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The Good Lawyers
When you think of a lawyer, sometimes we get an image of high powered men in flashy suits charging $300 an hour to talk legal talk that nobody understands but other lawyers. And when we get those media images of lawyers in our heads, the idea of a lawyer who wants to use his or her specialized talent with the law and that extensive education they all have to have to practice law for community service work seems almost ridiculous. It’s a good idea in all aspects of life not to let television or movie images of anyone affect reality very much. The truth is there are thousands of lawyers who went into law for other reasons than to make money and run for governor. In every city and town in the country, there are lawyers who work for very little to defend people who need help with the legal system try to get a fair shake in a system that seems to reward the wealthy and the influential. Most of us know at least a few lawyers.
To be sure, there seems to be a lot of them. But if you think about your friends who are lawyers, many have them have a strong sense of community service and a desire to use the privilege and education that has been given to them to benefit society. It is a tradition that goes back for centuries in the legal profession. A lawyer by definition is one who stands between the people and the government to try to help those who have been falsely accused or need an advocate to be treated fairly. That attitude of responsibility to the community is reflected in the values of the Bar Association of America.
The Bar Association holds its members to a high standard of public responsibility and accountability. And part of that sense of responsibility is using their talents and abilities as part of their community service. So part of a lawyer’s commitment includes dedicated a certain amount of hours to the community to be offered as free legal assistance to those who cannot afford a lawyer otherwise. Now to be fair, this is required by the American Bar Association of all lawyers on a state by state basis. An average of 50 hours a year is required for a lawyer to continue to be a member of the Bar in good standing. This is called “Pro Bono Publico” work (usually shorted to Pro Bono) which is Latin for “in the public good”. But rather than see that as something negative, this reflects the values of the Bar Association and it sends a message to anyone who wants to hang out their shingle as a lawyer that being in service to the community is important and encouraged from the highest levels of the legal profession. The attitudes of public responsibility don’t just end at the door of the Bar Association building. Many lawyers give far more than their minimum requirements in free legal service to the community. In every city and town in this country, you can find lawyers working side by side with doctors, dentists, construction people and professionals of every description to try and help out people who don’t have a lot to give back but just need that helping hand.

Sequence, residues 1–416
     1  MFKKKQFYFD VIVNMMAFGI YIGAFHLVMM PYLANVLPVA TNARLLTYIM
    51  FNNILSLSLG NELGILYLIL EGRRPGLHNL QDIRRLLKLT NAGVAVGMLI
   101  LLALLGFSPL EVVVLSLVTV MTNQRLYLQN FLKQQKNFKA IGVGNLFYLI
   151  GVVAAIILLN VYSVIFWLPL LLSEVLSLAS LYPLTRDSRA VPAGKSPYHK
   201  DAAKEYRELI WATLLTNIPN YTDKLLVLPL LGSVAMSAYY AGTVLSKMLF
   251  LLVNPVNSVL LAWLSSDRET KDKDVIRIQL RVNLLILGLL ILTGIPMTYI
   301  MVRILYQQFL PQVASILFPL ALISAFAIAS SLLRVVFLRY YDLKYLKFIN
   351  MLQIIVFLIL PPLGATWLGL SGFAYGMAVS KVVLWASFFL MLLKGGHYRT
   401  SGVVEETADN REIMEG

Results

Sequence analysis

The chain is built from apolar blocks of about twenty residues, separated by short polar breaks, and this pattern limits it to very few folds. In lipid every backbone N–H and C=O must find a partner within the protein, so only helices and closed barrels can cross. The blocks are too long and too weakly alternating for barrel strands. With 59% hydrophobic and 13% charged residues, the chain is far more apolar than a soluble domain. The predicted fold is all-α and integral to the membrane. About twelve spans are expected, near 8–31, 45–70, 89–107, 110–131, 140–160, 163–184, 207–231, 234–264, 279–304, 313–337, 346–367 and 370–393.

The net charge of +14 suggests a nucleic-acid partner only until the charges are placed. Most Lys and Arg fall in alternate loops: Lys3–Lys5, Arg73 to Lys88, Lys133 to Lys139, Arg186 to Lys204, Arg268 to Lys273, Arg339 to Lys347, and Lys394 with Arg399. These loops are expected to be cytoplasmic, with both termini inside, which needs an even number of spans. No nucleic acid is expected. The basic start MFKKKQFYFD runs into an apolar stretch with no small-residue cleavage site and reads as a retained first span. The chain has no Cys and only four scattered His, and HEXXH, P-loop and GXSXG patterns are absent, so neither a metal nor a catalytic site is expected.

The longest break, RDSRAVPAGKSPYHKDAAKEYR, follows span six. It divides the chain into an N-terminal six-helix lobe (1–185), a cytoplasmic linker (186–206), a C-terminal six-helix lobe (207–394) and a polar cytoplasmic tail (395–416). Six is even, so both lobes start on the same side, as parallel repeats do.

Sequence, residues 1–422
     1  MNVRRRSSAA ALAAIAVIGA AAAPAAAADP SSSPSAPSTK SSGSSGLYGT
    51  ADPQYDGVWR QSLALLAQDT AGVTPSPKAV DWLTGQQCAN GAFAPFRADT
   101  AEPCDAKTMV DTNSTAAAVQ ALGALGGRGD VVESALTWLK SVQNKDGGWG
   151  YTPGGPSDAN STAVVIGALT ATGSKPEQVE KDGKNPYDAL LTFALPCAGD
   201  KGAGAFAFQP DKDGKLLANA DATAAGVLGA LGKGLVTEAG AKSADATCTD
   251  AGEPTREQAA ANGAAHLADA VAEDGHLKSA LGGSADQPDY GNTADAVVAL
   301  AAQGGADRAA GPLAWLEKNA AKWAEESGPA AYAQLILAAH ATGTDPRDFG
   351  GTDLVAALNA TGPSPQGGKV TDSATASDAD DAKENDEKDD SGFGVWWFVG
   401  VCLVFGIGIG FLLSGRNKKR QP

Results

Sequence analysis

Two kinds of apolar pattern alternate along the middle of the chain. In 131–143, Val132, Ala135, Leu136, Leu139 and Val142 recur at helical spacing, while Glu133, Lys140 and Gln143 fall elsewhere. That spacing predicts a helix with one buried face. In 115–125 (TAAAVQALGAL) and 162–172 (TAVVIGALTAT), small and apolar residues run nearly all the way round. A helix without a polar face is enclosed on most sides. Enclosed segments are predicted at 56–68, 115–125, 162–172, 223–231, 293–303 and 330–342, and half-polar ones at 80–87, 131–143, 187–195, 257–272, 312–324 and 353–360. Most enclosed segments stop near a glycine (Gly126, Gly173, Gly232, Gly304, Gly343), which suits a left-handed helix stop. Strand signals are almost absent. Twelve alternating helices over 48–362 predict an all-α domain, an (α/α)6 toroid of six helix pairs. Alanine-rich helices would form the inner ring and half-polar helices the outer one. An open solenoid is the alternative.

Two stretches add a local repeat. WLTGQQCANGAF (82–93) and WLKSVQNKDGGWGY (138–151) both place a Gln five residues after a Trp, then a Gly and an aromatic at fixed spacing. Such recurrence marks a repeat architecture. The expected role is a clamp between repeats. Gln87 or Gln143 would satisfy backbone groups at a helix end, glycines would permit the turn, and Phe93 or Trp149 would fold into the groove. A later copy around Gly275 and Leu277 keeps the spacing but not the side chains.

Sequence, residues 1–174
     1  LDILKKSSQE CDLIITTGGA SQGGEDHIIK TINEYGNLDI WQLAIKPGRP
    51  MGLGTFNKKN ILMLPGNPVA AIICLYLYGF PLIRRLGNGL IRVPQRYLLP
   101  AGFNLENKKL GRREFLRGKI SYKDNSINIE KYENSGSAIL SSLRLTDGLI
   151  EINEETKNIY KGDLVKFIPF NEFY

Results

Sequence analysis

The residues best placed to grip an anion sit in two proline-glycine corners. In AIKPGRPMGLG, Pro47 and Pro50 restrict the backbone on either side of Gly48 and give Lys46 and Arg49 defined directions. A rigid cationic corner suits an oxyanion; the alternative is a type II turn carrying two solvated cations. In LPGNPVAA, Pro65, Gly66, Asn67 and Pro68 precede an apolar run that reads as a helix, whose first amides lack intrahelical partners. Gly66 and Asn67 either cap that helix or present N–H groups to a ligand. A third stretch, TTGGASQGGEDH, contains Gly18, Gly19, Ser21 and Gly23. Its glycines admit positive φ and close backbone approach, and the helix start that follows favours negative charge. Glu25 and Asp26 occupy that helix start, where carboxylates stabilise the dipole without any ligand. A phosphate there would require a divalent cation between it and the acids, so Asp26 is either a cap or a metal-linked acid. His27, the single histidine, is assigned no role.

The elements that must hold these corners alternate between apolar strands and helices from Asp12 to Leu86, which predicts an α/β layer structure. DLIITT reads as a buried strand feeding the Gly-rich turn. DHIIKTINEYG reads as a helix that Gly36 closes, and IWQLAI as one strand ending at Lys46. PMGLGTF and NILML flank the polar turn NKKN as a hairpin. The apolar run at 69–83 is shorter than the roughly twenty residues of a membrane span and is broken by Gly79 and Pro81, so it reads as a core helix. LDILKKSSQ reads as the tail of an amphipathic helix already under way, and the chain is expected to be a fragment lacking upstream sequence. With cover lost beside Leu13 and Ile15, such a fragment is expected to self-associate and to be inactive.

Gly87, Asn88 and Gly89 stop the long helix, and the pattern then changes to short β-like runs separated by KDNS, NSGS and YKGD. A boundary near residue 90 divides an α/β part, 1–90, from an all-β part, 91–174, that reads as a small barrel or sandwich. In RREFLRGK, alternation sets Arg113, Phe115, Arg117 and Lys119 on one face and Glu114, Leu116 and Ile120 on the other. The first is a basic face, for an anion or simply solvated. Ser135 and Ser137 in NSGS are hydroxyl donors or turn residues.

So let’s lay aside our prejudices about lawyers that we pick up from too many movies and television shows that only show the bad ones. When we do that we will realize that lawyers are good neighbors, good family men and woman and really do care about giving back to the community just like you and I do. Those are truly the good lawyers. PPPPP 619 .
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